like thinking of my experience joining law school a few years back like sky-diving for a newbie.
You are ready to launch, ready for the thrill of the ride, but can’t shake off the feeling that your parachute may fail to work in the middle of the fall, even though you know countless people have done it before you with incredible success.
You will be just fine. Take it from a law student who is still falling but has got his parachute to work. Here are a few tips for you if you are joining law school.
The First Day
The tension and anxiety in your class will be so thick on the first day you may be able to cut through it with a knife. With the exception of friends you knew back in high school, the place will be filled with new faces.
Law students love an impression. As such, participation levels may never top those of the first day, with almost half the class trying to question and answer the lecturer in a bid to assert intelligence and one-up everybody else.
I vividly remember my criminal law lecturer getting so overwhelmed by the number of raised hands that she could not get through what she had intended to teach for the day.If you’re an extrovert, this environment could be perfect to help you thrive. Introverts though could have their self-esteem take a nose-dive. It is easy to find yourself feeling like a square peg in a round hole, thinking that you may not fit in or match your fellow classmates’ intelligence.
The first day isn’t cause to worry though. It is a marathon, not a sprint. Write down as much as possible, ask questions and take the course step by step.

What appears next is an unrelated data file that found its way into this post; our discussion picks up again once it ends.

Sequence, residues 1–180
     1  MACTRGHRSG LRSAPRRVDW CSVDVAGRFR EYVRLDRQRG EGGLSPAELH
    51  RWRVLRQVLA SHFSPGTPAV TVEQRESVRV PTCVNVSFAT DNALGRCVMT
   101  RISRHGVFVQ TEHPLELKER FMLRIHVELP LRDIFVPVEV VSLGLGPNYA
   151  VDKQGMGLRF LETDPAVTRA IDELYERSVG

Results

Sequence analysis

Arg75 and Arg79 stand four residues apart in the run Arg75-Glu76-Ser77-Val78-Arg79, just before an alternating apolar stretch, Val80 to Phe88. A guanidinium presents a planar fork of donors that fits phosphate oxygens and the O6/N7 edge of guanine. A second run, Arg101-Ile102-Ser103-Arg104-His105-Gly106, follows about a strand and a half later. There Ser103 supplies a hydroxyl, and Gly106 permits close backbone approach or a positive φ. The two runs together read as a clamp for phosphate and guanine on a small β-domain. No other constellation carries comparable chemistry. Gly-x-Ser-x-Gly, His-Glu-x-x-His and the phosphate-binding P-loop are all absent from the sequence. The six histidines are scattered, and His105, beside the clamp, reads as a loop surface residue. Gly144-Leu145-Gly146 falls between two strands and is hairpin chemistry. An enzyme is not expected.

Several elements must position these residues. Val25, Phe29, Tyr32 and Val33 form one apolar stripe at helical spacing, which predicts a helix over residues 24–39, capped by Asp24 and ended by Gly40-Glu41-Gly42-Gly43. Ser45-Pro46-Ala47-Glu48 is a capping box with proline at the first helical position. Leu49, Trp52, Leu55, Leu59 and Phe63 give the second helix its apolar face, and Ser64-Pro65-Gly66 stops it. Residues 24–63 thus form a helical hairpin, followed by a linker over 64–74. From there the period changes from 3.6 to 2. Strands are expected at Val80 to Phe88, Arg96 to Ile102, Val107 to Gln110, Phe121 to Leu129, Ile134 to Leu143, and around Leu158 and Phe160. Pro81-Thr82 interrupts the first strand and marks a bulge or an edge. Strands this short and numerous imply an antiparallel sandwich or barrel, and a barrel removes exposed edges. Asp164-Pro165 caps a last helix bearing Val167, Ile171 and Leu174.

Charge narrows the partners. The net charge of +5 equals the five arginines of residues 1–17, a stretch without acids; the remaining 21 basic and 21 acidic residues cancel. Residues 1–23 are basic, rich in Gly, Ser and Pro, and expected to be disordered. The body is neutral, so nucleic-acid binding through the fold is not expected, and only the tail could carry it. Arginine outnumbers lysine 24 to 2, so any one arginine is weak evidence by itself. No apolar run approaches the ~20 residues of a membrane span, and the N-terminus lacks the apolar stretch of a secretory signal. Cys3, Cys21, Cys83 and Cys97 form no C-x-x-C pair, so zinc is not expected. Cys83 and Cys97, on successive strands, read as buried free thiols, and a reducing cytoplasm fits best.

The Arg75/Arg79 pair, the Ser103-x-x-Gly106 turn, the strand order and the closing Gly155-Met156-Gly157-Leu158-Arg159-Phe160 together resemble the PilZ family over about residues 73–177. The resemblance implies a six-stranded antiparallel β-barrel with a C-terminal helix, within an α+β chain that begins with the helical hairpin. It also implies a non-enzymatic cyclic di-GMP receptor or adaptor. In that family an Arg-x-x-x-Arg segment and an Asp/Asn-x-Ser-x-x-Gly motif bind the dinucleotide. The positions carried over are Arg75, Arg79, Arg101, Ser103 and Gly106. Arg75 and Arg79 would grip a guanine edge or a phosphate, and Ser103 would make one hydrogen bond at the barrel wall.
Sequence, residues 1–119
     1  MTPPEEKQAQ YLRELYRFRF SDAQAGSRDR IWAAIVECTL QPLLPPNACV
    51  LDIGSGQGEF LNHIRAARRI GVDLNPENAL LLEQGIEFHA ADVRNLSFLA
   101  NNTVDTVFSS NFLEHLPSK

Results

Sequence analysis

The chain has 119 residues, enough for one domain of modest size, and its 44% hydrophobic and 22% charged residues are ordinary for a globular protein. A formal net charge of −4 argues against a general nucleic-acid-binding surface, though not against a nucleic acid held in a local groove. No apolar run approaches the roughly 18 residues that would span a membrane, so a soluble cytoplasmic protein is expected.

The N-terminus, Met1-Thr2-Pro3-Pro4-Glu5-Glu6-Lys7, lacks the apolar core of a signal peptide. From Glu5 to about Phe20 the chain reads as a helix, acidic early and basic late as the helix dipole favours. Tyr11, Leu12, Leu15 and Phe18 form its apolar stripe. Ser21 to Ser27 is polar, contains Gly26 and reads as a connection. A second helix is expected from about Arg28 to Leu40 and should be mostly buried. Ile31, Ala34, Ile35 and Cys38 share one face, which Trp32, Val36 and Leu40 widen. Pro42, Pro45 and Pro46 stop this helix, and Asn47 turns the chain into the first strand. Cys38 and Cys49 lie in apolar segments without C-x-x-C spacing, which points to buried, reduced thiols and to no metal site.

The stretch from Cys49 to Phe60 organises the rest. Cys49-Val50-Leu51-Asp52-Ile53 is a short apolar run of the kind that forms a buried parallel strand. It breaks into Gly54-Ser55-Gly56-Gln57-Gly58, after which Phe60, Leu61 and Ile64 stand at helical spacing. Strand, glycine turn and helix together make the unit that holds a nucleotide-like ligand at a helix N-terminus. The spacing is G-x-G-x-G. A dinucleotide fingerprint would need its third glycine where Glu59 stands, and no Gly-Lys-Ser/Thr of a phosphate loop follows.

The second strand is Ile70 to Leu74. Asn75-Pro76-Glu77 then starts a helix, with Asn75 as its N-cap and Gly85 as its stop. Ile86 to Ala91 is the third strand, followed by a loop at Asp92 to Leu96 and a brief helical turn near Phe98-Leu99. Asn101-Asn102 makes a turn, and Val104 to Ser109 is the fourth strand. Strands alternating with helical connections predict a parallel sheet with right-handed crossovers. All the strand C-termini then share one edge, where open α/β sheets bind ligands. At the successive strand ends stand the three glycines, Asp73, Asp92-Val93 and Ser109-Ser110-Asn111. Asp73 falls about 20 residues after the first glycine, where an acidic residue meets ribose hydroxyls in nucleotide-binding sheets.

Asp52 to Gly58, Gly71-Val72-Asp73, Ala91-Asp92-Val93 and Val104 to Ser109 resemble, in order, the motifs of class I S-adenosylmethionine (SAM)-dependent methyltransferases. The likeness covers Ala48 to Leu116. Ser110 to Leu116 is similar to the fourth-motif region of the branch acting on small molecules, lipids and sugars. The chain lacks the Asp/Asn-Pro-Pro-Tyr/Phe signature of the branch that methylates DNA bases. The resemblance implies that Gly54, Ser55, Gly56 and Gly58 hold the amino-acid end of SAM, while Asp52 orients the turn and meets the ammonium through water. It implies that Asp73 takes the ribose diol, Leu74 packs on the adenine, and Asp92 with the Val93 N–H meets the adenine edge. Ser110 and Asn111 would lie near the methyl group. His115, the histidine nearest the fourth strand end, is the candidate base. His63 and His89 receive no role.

You will Read…A lot.
There will be no shock as cataclysmic as the volumes and length of cases, books and academic articles you will have to read when you join law school.
It is a ring of fire that you will have to go through. However, you will soon learn that experience makes you a faster and more diligent reader, able to pay attention to the devil in the detail that could make all the difference in making that argument in your examination.
Don’t cut any corners or make short-cuts for the reading experience. Get access to reading lists for all your course-units and research on all their material.
These reading lists are not a substitute for your lectures, even though most of what the lecturer discusses can be found on them. Attend lectures religiously. Nothing is greater than the knowledge imparted by your lecturer.
Besides, the lecturer could hint on something that isn’t on your reading list. Do not take the risk.
The most crucial part of your reading is the law, so get conversant with different provisions of the law.
Read the Constitution and the relevant statutory law for your different course-units.
Read the cases in full, even though some may be bulky. Catch up on all suggested material from your lecturers, whether it is given in class or prescribed on your course-units’ reading list.
Go to the library as often as possible. Learn how to borrow books, cases and academic articles from the different journals available in the law section of the library.